Compassion, consequences and being grown up
I try to attend the early morning service at my local Anglican church. I say try because I don’t always make it. Early rising on Sunday morning sometimes proves too difficult. The flesh as we know is weak. I could go to the later service but then, at this service, tradition gives way to church pop and it doesn’t suit my conservative nature.
Anyway to the point; when leaving the service last Sunday I had a chat with the young assistant minister. Politics came up and it became clear that his preference leant towards the atheist Julia than the Christian Tony. Politics trumps religion and that, I suppose, is as it should be. He explained though, while favouring the Labor side in this election, that he thought both sides lacked compassion on asylum seekers and that troubled him.
I am not at my best of a morning and I too sharply retorted that perhaps he should invite some of them to live with him. This was not one of my best moments, as I later reflected. But I also thought what did he mean by compassion and I regretted not pursuing this point further instead of making a smart-alec remark.
What exactly do those who objected to Howard’s policy on asylum seekers, and for that matter the current government’s policy, have in mind when they talk about being compassionate?
First let me posit what they don’t mean by imaging a particular incident.
A boat load of 150 asylum seekers, say from Sri Lanka, on course for Australia, is intercepted by an Australian navy frigate on the high seas. The boat is scuttled by the crew. Everyone is rescued by the navy personnel, taken on board the frigate, and given hot toddies and blankets, and whatever else they need to make them as comfortable as possible in the circumstances. They are taken to comfortable accommodation. They are fed and given medical attention to a high standard. Subsequently, after being given generous time to recover from their ordeal, they are flown home, business class.
A variant on this story is that before being flown home, the asylum seekers are assessed as to whether they would face persecution in their home land. Those who would face persecution are given the option of being housed in comfortable, purpose built, accommodation and put in the queue for resettlement under the auspices of the UN refugee agency (UNHCR).
According to UNHCR, of the ten million refugees (out of over 40 million displaced people) it is currently assisting worldwide, ‘less than 1% can be referred for resettlement to a third country due to the places available’. Moreover, UNHCR ‘will only submit applications for resettlement to third countries on behalf of individuals who are first determined to be refugees within the meaning of the 1951 Convention relating to the Status of Refugees and the 1967 Protocol and who additionally face security issues in the country of asylum which cannot be solved locally. UNHCR also considers family reunification and vulnerability (woman at risk, victims of torture) when assessing a refugee’s need for resettlement’.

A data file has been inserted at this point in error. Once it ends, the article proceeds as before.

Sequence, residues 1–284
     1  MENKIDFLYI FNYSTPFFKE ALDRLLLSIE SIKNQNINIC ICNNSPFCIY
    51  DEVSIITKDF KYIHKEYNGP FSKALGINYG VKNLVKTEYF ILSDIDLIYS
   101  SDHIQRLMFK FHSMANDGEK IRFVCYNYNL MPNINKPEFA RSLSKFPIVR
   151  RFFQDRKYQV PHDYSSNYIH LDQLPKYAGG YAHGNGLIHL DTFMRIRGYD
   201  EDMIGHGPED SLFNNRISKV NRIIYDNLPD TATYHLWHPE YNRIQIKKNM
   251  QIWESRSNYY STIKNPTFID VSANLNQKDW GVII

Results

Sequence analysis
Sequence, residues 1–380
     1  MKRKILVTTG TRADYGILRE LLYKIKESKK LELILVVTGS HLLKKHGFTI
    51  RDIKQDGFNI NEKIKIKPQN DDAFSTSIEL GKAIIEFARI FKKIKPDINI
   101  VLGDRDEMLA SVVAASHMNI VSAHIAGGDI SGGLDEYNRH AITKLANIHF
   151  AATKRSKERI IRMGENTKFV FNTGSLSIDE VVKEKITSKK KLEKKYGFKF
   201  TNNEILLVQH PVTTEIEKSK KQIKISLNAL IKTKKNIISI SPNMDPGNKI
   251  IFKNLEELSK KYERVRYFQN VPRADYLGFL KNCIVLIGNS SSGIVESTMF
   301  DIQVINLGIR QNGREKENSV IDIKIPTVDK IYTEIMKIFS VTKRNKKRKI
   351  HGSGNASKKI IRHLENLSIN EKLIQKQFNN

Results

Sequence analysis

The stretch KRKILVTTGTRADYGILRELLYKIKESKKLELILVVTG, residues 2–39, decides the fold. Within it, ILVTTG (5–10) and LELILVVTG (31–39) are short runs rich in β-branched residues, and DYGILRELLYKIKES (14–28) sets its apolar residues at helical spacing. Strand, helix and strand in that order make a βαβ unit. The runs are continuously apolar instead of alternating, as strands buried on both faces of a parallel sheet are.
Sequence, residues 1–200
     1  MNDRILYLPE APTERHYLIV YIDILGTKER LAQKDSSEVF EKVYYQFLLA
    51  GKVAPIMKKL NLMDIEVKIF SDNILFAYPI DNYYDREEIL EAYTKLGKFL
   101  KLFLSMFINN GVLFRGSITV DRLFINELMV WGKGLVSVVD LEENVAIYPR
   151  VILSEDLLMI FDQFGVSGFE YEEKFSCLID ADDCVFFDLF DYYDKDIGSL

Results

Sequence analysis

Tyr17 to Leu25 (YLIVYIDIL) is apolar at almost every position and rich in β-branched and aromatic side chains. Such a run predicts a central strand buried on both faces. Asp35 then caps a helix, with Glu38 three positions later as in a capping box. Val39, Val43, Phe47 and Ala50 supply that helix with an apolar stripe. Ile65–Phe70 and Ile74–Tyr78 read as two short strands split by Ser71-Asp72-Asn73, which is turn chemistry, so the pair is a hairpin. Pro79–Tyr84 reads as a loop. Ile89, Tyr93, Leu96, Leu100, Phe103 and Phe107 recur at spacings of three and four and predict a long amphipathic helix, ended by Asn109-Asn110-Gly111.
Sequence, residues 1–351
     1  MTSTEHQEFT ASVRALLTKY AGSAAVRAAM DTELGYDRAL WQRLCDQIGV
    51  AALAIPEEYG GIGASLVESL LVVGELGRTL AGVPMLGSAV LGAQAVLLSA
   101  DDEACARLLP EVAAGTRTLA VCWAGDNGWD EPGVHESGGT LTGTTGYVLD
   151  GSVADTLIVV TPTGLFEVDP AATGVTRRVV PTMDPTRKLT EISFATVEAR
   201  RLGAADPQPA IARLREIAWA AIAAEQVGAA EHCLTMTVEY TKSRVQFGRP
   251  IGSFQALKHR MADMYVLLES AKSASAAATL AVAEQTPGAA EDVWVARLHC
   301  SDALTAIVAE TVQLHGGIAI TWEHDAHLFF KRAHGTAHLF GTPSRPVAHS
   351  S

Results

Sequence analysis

I don’t think that those advocating compassion mean treating asylum seekers in the ways described above. I think they mean that we should let them in as permanent residents. That is what I should have pursued, in my after church discussion.
Those who say let them in epitomise the Left’s view across a range of issues. One of its common features is a particular dysfunctional myopia: a refusal to contemplate consequences. We see it in appeasement and defeatism emboldening countries like Iran and North Korea who would do us harm; we see it in green movements that would leave us impoverished; we see it in the growth of entitlements debilitating society; we see we see it in post-modernism and multiculturalism lessening our justified pride in our own national achievements and peerless standards. We see it as well in more localised examples.
Why not feast on the current profits of the mining industry; what harm can that do? Why not let that boatload of 150 asylum seekers settle in Australia; what harm can that do?
Well, the first might have the awkward consequence of reducing future investment and the second of Australia being overwhelmed by numbers of refugees wanting to come in.
We teach children that their actions have consequences. What we see in the positions of the Left is arrested development, hidden by mawkish appeals to peace, saving the planet, equity and compassion. Those on the Left find it comforting to occupy the superficially moral high ground. It’s impregnable and self-congratulatory up there. The rest of us have to take account of consequences. That’s the price of being grown up.